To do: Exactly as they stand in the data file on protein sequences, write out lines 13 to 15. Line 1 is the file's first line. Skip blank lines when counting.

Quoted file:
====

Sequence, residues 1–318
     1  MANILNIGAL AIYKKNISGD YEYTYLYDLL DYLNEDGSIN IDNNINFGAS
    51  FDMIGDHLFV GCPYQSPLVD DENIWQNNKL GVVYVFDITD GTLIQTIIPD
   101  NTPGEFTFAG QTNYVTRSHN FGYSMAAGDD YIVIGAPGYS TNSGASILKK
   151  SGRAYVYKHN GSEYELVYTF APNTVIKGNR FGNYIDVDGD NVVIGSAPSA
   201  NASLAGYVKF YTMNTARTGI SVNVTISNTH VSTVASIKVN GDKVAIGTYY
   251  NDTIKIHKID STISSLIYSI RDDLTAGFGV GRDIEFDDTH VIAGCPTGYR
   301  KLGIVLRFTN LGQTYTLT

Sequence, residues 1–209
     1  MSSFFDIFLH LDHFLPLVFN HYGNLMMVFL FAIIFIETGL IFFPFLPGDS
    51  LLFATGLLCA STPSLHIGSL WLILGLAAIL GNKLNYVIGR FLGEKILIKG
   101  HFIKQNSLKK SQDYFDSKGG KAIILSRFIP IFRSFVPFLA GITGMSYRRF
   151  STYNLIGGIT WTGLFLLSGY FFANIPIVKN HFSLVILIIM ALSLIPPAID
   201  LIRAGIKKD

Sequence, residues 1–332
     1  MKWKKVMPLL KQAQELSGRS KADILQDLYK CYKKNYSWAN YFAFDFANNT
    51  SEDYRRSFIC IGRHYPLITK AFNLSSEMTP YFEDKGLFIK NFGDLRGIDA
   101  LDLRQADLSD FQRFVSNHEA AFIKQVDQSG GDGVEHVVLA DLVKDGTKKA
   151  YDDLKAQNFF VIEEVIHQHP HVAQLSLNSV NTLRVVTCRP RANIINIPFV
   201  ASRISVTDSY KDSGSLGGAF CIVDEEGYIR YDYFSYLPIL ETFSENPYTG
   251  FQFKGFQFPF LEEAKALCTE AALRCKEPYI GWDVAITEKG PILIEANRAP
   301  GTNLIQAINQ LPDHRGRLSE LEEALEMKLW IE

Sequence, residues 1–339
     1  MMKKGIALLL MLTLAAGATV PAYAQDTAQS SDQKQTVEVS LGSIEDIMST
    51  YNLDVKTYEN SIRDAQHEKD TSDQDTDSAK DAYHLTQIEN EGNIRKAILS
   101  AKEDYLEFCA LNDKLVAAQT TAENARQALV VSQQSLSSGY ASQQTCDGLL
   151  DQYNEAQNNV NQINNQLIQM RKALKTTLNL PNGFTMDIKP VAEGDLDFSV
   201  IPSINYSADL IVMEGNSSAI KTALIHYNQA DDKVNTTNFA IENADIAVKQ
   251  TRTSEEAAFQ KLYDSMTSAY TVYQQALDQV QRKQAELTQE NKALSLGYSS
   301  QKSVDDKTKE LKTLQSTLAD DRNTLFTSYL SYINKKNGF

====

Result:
   151  STYNLIGGIT WTGLFLLSGY FFANIPIVKN HFSLVILIIM ALSLIPPAID
   201  LIRAGIKKD

Sequence, residues 1–332